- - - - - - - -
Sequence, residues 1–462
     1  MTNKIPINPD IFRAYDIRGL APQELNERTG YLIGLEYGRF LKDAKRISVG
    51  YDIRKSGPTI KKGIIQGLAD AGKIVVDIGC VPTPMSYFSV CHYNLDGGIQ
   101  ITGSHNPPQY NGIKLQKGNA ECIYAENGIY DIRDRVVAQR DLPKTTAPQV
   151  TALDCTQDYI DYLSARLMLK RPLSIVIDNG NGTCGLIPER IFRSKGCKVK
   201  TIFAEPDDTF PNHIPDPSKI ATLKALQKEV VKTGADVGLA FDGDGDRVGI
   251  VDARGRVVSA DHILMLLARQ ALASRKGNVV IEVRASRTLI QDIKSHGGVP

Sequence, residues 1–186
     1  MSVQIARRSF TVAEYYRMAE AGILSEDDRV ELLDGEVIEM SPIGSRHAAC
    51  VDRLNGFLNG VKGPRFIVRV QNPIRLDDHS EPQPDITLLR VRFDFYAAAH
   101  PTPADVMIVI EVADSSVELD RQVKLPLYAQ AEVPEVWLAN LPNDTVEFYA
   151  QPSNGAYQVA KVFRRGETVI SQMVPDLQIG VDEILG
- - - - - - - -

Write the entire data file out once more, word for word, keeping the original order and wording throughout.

Sequence, residues 1–462
     1  MTNKIPINPD IFRAYDIRGL APQELNERTG YLIGLEYGRF LKDAKRISVG
    51  YDIRKSGPTI KKGIIQGLAD AGKIVVDIGC VPTPMSYFSV CHYNLDGGIQ
   101  ITGSHNPPQY NGIKLQKGNA ECIYAENGIY DIRDRVVAQR DLPKTTAPQV
   151  TALDCTQDYI DYLSARLMLK RPLSIVIDNG NGTCGLIPER IFRSKGCKVK
   201  TIFAEPDDTF PNHIPDPSKI ATLKALQKEV VKTGADVGLA FDGDGDRVGI
   251  VDARGRVVSA DHILMLLARQ ALASRKGNVV IEVRASRTLI QDIKSHGGVP

Sequence, residues 1–186
     1  MSVQIARRSF TVAEYYRMAE AGILSEDDRV ELLDGEVIEM SPIGSRHAAC
    51  VDRLNGFLNG VKGPRFIVRV QNPIRLDDHS EPQPDITLLR VRFDFYAAAH
   101  PTPADVMIVI EVADSSVELD RQVKLPLYAQ AEVPEVWLAN LPNDTVEFYA
   151  QPSNGAYQVA KVFRRGETVI SQMVPDLQIG VDEILG